In a stroke of serendipity, researchers from the University of Massachusetts have stumbled upon a way to generate electricity out of humid air.

Professor Jun Yao and his team were initially developing a device that would function as air humidity sensor using an array of microscopic tubes, with each of these nanowires having a diameter smaller than one-thousandth of a human hair. When a student member forgot to turn on the device, the team found that the device nevertheless generated a small electric charge.

Water molecules bumped around as they passed through the narrow nanowires, and this movement would cause the tubes to have different charges. This created a battery-like effect. “You have a positive pull and a negative pull, and when you connect them the charge is going to flow,” Yao said.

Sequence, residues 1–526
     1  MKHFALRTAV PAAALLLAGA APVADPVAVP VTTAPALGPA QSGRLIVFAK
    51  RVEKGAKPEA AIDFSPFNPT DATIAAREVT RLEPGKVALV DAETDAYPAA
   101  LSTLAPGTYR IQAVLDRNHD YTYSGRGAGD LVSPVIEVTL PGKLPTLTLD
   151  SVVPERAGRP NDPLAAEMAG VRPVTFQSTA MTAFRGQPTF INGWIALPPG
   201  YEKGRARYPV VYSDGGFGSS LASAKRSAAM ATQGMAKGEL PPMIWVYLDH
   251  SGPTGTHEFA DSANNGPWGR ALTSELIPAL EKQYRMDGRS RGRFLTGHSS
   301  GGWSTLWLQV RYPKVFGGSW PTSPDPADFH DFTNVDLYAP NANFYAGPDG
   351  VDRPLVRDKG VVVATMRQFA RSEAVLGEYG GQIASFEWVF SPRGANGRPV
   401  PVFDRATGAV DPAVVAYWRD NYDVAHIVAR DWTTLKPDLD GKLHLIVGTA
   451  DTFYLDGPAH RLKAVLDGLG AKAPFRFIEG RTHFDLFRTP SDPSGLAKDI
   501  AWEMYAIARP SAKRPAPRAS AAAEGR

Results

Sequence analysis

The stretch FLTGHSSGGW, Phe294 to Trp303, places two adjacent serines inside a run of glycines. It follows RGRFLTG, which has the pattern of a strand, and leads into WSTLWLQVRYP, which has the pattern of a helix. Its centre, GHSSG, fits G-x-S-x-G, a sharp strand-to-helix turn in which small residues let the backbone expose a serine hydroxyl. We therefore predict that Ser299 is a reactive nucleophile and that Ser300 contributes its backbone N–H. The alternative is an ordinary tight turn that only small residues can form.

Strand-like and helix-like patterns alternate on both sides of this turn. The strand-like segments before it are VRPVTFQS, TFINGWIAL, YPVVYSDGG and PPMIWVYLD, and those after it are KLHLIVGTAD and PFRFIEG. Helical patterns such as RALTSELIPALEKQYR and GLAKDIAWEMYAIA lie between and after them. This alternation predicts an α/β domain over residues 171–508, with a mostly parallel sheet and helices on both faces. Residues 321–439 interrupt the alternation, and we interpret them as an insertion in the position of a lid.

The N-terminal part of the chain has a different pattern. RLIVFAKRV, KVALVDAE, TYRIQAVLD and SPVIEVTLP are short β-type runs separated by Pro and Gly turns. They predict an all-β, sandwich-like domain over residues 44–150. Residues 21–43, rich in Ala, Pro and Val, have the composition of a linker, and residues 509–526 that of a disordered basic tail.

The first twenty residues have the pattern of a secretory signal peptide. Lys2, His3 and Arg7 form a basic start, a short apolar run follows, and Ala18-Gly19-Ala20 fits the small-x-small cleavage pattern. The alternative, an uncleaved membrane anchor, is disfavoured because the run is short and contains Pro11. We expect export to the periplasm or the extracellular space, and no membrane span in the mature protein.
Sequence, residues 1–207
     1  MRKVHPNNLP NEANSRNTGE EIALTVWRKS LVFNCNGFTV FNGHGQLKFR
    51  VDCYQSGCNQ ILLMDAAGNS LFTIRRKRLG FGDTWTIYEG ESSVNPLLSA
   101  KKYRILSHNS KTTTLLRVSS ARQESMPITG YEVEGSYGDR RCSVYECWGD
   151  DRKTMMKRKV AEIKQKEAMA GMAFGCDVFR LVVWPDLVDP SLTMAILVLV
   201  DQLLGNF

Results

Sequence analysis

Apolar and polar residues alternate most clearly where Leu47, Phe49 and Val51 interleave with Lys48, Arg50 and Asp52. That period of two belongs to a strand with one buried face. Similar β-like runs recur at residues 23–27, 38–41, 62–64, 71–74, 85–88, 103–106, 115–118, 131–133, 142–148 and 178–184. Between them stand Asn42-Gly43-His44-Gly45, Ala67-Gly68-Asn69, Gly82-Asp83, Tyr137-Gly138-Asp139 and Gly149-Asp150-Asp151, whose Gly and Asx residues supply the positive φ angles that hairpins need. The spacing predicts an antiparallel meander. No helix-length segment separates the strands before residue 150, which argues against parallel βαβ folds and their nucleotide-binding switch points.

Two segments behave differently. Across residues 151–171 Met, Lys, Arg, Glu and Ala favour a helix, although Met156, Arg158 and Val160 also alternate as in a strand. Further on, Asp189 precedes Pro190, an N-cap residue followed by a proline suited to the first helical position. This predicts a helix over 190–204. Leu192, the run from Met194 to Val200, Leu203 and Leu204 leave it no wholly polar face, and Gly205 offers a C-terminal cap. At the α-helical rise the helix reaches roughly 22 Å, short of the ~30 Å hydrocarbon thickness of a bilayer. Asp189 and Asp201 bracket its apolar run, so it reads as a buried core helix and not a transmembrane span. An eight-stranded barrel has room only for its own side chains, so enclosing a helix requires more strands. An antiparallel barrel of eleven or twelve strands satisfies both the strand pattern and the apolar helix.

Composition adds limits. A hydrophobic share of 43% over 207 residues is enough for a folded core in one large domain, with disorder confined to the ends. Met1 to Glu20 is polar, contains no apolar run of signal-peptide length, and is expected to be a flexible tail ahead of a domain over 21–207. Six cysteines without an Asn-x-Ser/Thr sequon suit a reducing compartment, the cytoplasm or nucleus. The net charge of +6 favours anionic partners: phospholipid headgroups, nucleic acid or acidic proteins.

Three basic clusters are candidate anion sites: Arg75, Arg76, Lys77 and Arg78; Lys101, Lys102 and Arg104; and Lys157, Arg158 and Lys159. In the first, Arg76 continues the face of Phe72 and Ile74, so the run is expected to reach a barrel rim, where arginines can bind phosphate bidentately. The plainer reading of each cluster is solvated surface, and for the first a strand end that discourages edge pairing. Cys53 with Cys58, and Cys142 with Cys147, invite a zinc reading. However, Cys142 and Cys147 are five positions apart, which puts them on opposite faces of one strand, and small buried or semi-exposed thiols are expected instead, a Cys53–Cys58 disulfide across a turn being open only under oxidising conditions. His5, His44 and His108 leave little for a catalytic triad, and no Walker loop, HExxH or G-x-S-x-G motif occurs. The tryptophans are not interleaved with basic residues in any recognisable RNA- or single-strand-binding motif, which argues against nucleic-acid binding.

With this discovery, the team then replaced the nanowires with nanopores—millions of tiny holes punched through a material—and was able to generate about one microwatt from their device that was the size of a thumbnail. Yao said the device could be stacked multiple layers vertically to increase the power.

But in terms of practical applications and scalability, other scientists and pundits have expressed their doubts. Even Yao’s team recognizes the years required to optimize and mass-produce a prototype, although they envision a future where electricity derived from the air, or “hygroelectricity,” could provide a constant and sustainable power source for buildings and homes without the need for additional infrastructure.

The team published their paper in May and is publicly available for reading at the Wiley Online Library.

Source: The Guardian

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